Updated: Jul 28, 2021
Chances are if you were born before the early 1980s, those two little words ‘Mix tape’ will make your heart skip a beat and sigh at the wonderful memories it evokes. For those born in more recent times, you probably don’t know the thrill of waiting for the music charts on a Sunday so you could record your favourite songs off the radio. You had to time it perfectly so you could cut out the voice of the DJ. Then press the heavy clunky record button with a satisfying click. My best friend used to come over virtually every Sunday and we’d listen to the charts together. I spent all my pocket money on blank tapes to record on. It was a great way as a kid to get cheap music, in the days before Spotify put it at our finger tips in an instant.
There's no doubt it's a great thing to have any song you desire there at the touch of a button and yet... mix tapes were about far more than recording your favourite chart hits. They were a way of saying 'I like you' without having to put it into so many words. One of my first boyfriends recorded ‘Sweet Emotion’ by Aerosmith for me on a tape, no other songs, just that one, but he'd clearly spent time decorating the cassette box for me, which made it so much more personal. It meant far more than if he'd spent money on buying a new one.
All these years on however, over a quarter of a century in fact, it’s not that tape that sits strongly in my mind. Let me tell you a story about a boy called Scott. He was my boyfriend's best friend and he was passionate about The Cure. To look at him, you would never have suspected a die hard Cure fan was contained within his frame, he would have looked more at home at a rave. A drunken conversation one night down the pub lead us on to talking about his grand passion. Time passed and I forgot about the chat, until one evening Scott produced a mix tape from his pocket of all his favourite Cure songs. He'd made it to share his passion with me. In that moment i remember feeling incredibly touched. Until that point, i wasn’t even sure that he liked me. Mix tapes however took time to produce. It wasn’t just the time it took to record from tape to tape but the time spent planning and choosing what songs to include, then labeling and illustrating the cassette case. Here was a gift more precious than diamonds or gold, it was the gift of time. I didn’t know The Cure before then but i listened to that tape over and over again and a new fan was born, not just for The Cure but for Scott too. Truth be told, i think i developed a little crush.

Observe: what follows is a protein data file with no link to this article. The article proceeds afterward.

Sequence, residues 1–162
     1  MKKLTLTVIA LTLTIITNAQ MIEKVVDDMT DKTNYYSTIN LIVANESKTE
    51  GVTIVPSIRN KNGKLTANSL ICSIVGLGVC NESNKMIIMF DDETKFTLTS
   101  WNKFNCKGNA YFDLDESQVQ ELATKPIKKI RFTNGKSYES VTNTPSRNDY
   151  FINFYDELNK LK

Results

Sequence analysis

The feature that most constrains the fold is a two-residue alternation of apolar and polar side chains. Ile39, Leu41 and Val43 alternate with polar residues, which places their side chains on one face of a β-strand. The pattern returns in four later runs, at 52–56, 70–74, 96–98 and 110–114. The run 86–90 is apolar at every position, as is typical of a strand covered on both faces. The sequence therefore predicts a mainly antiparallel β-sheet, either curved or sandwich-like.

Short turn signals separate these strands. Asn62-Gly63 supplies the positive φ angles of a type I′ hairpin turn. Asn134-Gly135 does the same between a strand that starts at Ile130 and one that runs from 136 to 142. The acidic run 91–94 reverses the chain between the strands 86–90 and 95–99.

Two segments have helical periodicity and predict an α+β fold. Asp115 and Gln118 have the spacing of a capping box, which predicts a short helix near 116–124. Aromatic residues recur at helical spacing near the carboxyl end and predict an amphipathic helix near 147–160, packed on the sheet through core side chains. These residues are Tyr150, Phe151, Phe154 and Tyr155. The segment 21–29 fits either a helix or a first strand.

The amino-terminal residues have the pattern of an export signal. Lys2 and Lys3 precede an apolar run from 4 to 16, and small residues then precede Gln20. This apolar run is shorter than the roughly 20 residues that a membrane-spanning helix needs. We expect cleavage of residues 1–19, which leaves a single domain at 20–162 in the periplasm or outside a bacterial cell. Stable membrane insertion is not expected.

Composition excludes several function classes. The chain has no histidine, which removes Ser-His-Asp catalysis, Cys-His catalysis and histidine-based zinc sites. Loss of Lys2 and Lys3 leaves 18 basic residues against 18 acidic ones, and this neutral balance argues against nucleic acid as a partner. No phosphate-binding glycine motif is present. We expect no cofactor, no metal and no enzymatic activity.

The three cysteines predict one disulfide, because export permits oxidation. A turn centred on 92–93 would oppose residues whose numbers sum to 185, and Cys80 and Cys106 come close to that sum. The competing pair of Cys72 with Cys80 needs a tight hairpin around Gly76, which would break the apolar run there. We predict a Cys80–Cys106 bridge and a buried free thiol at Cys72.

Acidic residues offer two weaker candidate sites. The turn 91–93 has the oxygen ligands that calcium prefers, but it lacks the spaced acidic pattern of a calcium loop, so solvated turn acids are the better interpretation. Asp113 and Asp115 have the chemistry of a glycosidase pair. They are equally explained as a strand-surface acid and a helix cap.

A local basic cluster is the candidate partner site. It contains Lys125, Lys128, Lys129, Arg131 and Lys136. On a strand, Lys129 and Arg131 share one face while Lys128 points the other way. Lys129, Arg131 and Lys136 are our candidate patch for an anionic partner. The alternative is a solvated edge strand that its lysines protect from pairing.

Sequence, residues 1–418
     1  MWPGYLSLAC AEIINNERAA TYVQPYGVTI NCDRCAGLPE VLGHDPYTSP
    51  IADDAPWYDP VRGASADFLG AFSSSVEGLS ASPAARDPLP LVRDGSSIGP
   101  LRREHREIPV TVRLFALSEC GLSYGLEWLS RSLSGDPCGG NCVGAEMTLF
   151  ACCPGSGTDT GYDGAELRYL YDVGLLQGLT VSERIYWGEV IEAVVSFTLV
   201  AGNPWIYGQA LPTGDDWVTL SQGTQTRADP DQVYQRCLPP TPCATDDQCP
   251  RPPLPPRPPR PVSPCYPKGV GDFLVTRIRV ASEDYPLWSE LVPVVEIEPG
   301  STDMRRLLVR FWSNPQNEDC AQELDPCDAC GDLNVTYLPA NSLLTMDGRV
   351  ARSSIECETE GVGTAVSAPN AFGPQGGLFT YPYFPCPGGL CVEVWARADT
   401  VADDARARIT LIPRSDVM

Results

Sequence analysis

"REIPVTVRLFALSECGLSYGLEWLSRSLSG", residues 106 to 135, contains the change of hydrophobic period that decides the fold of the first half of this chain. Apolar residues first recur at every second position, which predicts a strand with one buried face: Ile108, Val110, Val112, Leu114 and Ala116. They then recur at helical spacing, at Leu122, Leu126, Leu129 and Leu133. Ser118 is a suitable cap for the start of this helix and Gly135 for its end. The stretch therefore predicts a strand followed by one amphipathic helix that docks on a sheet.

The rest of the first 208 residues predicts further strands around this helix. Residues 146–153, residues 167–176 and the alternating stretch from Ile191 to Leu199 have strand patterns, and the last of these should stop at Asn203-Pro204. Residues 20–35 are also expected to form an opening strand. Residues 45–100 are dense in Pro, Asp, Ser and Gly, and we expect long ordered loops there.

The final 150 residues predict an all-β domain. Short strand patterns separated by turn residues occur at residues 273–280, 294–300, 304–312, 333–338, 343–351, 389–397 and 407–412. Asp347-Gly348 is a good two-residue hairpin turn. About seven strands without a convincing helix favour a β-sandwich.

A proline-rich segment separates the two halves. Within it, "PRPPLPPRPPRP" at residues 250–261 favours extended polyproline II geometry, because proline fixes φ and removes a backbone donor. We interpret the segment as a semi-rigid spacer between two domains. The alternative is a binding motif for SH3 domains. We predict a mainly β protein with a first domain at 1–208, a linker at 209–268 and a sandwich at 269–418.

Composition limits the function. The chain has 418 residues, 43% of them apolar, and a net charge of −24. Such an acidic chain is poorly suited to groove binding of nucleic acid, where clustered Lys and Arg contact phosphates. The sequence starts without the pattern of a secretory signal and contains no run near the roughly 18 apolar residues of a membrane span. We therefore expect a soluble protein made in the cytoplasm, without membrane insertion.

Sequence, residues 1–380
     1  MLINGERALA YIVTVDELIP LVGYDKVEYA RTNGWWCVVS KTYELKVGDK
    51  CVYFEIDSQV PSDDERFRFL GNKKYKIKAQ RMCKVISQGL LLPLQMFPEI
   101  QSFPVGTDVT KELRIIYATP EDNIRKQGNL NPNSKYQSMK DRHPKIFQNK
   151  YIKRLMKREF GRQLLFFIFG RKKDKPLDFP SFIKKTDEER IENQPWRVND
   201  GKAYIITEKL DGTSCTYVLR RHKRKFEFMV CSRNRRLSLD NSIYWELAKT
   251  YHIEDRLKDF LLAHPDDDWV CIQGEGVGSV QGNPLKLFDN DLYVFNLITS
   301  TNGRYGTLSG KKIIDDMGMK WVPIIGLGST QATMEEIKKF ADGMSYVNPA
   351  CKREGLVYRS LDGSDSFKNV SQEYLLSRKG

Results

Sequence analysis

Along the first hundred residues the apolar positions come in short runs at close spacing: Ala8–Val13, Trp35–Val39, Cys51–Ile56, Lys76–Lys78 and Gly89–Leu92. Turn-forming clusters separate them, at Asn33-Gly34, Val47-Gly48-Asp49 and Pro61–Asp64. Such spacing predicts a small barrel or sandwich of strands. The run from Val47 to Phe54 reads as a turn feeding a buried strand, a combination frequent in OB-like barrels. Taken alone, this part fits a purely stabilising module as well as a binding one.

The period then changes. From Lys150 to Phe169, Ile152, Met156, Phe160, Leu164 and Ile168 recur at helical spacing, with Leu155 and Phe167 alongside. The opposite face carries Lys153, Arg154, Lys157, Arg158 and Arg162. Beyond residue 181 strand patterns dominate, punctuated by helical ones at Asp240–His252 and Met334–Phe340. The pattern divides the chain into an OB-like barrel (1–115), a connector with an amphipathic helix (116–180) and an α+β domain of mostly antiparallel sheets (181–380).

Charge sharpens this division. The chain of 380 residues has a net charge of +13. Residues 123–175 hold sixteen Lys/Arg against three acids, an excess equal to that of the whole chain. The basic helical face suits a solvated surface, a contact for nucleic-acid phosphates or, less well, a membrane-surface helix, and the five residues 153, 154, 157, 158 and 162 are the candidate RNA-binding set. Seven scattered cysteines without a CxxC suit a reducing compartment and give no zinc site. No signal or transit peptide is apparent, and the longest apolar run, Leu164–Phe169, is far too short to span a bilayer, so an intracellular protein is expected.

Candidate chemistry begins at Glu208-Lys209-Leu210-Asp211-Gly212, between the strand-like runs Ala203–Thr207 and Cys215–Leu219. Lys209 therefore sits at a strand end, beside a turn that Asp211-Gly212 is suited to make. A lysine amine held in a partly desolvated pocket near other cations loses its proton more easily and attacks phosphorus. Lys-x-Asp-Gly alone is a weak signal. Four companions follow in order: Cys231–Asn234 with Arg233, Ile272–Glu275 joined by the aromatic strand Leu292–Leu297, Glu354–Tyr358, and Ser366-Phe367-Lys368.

I heard one of those songs recently, Just Like Heaven played on a film and all those sweet memories flooded back into my mind like a Tsunami, carrying me away on strong waves of emotion. I found myself wondering what Scott is doing now, he must be nearly fifty? Does he still listen to The Cure I wonder? I no longer have my original mix tape, my husband threw all our cassette tapes out one day not realising the sentiment attached to some of them. I have made my own version of the mix tape now on Spotify, it’s not quite the same but i still have the wonderful memories of that gift and the strong feelings it still evokes. It's not just the music that was recorded on that mix tape all those years ago but a little piece of both our souls.